Climate change forcing fish stocks north: study

A study, published in the ICES Journal of Marine Science on Friday, has produced the strongest evidence yet that climate change is forcing hundreds of valuable fish species toward the poles.

Study looks at distribution of 802 commercially exploited fish species, including cod and halibut

Ice floes float in Baffin Bay above the arctic circle from the Canadian Coast Guard icebreaker Louis S. St-Laurent on July 10, 2008. (Jonathan Hayward/The Canadian Press)

A study has produced the strongest evidence yet that climate change is forcing hundreds of valuable fish species toward the poles.

The paper, published in the ICES Journal of Marine Science on Friday, concludes that Canadian and Arctic waters may end up with more species and greater abundance.

But fisheries in the tropics, where people depend more heavily on seafood, may become hollowed out.

"The variety of species available for fisheries in the tropics will decrease," said co-author William Cheung of the University of British Columbia.

"It may be good news for the Arctic — our projections are that the Arctic will be a hot spot for species invasion. There will be more variety of fish species available for the Arctic region."

Previous studies have suggested that warming ocean waters will affect the distribution of fish stocks. Cheung's paper gives the clearest and broadest picture yet of those effects.

More than 800 species studied

Using a combination of three different mathematical models and the latest climate data, he forecast the probable distribution of 802 commercially exploited fish species. Those species include commonly harvested fish such as cod, tuna, herring and halibut.

On average, Cheung found the fish are slowly moving toward the South and North poles at a rate of between 15 and 26 kilometres a decade. The effect is more pronounced in the Arctic, where warming is happening the quickest.

He checked his conclusions by using the same method to model the past movements of fish. When Cheung compared the modelling results with actual fisheries data, the two matched up.

"We found that, overall, our projections are consistent with the observations in the last 30 years."

Some countries already seeing new species

Cheung warns that the finding means challenges as well as opportunity.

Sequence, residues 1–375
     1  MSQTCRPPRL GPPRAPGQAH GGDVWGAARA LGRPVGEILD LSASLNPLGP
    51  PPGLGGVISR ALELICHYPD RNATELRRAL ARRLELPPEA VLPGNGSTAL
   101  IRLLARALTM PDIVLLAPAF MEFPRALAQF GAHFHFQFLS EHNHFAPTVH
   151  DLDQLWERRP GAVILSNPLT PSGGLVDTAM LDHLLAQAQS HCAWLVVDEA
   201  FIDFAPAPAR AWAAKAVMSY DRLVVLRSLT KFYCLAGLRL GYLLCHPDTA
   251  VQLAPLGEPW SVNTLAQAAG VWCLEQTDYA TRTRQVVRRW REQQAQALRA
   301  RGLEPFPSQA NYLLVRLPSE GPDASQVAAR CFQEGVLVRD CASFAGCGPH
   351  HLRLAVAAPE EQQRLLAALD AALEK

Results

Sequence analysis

How the invasive species will interact with existing species and ecosystems is unknown. Their movements are also likely to create problems for international fisheries management, as stocks shift across different jurisdictions.

"They could destabilize existing management agreements between countries."

That's already happening in some parts of the ocean, he said.

Mackerel is one of the fish species that's moving further North. It's already showing up in some Scandinavian countries, which are negotiating how they'll deal with the changes. (iStock)
Scandinavian countries are negotiating how they'll deal with changes in the location of Atlantic mackerel stocks.

"Norwegian fisheries are already changing noticeably."

Cheung cautioned northern countries not to rush to exploit new fish stocks until scientists have a chance to learn what's happening with them and how they'll interact with existing populations. He praises a U.S. decision to enact a moratorium on new commercial fishing in the Arctic.

Canada has enacted no such fishing ban.

"We know from our previous experience that if we don't manage the fisheries well, it will collapse quite easily. It would be much better to be conservative and careful at first."

Cheung said his study points to the need for governments to start thinking now about how climate change will affect natural resources such as fisheries in the future.

"Things are much more easy to manage when there's not a vested interest already there," he said.

"We really need to look into these long-term projections and scenarios and start to think about how the fisheries should be managed now."